Your E-mail:
Will you wear a bird-themed costume for Halloween?


Printer Friendly

Bird Body Language 101

Discover what parrots know and what they are saying by learning their body language.

Mattie Sue Athan
Posted: April 24, 2013, 3:45 p.m. PDT

Meyer's parrot
Your pet bird may prefer to step up on your dominant hand, as it knows it is the more stable perch.

Long before pet birds and parrots learn human words, they communicate to us with body language. Like vocalizations, this comes naturally to parrots. Not only do they show moods, emotions and forthcoming behavior with the way they use their bodies —  especially their feathers — parrots also learn to read human intentions by observing human postures. It’s not unusual for pet birds to know more about what their people say with their bodies than their people know about what the birds are saying with theirs.

1) Parrots Know About People
Many parrots know that humans have a dominant hand — a hand we use more and are more adept with — before people notice that the bird has a dominant foot. For example, if the bird refuses to step onto a human’s hand or shows insecurity in doing so, sometimes the bird is exhibiting a preference to step up only onto a dominant hand.

This may be because a pet bird that steps up only to a right hand knows that a right-handed human’s left hand is less stable, and it will prefer to step up only onto a right hand because that hand doesn’t wobble as the bird is lifted. Or maybe the bird knows that a right-handed human will try to pet it with the right hand, and it doesn’t want to be pet.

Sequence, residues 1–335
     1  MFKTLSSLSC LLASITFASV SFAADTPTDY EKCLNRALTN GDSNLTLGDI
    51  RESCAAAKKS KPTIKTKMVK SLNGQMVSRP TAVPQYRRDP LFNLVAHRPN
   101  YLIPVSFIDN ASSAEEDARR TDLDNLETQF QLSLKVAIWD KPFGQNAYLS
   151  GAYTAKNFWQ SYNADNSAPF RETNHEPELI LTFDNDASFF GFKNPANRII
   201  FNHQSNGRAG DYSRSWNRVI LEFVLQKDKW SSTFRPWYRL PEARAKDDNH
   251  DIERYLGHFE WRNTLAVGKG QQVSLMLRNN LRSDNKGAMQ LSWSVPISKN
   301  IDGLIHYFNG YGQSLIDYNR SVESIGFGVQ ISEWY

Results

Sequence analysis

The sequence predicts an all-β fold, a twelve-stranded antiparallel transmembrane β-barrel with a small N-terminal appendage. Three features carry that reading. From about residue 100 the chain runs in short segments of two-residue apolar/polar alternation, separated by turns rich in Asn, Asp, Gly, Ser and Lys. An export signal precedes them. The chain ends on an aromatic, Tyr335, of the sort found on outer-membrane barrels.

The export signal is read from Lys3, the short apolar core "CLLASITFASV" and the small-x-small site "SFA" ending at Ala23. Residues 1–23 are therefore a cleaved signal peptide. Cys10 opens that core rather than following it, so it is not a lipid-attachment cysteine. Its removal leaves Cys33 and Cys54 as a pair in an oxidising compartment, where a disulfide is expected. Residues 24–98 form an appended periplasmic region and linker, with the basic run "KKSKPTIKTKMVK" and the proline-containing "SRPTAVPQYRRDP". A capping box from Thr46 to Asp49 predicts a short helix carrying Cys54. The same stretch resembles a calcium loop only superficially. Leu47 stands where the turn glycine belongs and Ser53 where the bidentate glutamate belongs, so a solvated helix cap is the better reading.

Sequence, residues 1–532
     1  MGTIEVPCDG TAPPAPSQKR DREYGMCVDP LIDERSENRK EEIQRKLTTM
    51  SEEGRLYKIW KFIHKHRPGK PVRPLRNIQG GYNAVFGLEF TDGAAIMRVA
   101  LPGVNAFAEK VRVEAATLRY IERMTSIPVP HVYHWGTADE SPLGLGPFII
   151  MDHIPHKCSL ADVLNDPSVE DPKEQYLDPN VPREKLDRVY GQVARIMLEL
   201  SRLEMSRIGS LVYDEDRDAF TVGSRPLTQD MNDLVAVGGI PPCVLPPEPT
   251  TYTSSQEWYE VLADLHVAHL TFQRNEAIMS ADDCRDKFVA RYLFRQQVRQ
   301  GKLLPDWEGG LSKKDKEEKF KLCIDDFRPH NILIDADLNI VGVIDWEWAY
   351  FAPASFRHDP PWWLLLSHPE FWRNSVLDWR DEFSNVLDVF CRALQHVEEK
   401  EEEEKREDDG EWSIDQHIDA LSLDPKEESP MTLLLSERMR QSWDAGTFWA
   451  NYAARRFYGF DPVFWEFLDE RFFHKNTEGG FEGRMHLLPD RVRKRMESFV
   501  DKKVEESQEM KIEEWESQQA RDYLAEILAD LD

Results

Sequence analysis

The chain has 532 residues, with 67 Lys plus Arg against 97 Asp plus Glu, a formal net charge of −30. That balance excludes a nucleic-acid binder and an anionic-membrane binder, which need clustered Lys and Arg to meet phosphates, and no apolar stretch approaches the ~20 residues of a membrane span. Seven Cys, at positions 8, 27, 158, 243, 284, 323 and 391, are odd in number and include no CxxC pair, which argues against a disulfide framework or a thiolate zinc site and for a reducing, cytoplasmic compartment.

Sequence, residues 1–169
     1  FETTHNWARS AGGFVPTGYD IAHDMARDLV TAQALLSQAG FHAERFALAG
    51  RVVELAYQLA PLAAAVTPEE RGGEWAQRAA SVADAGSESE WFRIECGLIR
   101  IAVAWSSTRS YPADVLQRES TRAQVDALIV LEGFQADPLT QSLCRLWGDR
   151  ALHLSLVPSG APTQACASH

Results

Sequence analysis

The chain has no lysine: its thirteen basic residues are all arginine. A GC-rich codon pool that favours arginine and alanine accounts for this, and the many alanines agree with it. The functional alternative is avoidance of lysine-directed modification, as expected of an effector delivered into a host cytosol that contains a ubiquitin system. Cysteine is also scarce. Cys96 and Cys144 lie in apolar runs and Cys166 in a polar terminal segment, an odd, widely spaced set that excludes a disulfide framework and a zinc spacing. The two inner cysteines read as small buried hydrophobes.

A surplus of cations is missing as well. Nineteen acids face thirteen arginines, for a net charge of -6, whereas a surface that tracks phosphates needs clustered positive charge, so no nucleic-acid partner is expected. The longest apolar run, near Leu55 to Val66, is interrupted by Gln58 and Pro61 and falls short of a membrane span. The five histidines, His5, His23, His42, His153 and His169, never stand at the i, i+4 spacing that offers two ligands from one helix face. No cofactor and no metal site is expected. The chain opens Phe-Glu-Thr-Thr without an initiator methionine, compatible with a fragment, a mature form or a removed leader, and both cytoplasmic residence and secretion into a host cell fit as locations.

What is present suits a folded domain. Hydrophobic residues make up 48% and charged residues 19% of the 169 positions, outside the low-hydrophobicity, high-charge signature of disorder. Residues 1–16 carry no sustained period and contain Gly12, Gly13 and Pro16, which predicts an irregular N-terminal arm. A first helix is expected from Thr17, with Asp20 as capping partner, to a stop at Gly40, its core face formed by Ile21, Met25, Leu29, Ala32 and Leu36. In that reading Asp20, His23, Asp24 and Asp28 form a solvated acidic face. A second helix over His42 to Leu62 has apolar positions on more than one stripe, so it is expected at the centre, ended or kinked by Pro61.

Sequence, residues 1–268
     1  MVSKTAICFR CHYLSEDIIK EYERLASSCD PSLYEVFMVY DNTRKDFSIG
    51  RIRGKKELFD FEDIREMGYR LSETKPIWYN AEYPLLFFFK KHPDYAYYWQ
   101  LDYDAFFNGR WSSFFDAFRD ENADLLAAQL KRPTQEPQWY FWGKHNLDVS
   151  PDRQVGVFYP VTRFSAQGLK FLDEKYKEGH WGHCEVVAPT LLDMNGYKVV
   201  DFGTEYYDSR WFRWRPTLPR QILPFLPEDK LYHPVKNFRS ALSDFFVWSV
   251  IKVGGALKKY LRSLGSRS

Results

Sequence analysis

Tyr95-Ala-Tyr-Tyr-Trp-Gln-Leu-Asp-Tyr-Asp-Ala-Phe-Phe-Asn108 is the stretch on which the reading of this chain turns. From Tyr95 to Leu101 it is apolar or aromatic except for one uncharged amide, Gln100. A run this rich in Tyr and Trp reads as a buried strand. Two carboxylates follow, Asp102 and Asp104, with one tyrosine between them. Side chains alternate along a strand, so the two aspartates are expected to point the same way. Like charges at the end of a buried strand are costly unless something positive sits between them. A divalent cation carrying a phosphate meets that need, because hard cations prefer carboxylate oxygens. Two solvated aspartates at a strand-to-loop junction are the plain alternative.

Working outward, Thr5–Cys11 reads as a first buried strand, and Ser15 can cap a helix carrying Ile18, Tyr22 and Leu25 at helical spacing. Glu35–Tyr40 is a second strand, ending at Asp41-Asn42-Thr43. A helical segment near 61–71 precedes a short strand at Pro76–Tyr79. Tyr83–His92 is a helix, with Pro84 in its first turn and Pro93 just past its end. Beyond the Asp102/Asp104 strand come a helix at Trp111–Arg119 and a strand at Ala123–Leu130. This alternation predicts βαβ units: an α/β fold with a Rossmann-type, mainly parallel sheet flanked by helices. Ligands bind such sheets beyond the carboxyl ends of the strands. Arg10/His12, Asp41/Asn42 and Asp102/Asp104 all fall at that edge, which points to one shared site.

In most of the cases I’ve seen in which a bird exhibits a preference for stepping up onto a particular hand, it is balking consistently at a left hand and stepping up dependably to a right hand. In more than eight out of 10 of these cases, the human reporting the bird’s behavior is right-hand dominant.

2) What A Parrot's Posture Tells Us
Parrots show us how they are feeling and what they are going to do by using their bodies in different ways. Generally, a parrot with an upright stance and smooth feathers is wary or frightened. Loose, ruffly feathers generally indicate happiness. A bird sitting on one foot with feathers puffed out might not feel well or might just be sleeping in a cool room. A bird that has all feathers sticking as far out as possible, tail flared, with shoulders or wings held out from the body may be courting or getting ready to fight. 

3) Your Parrot Will Warn You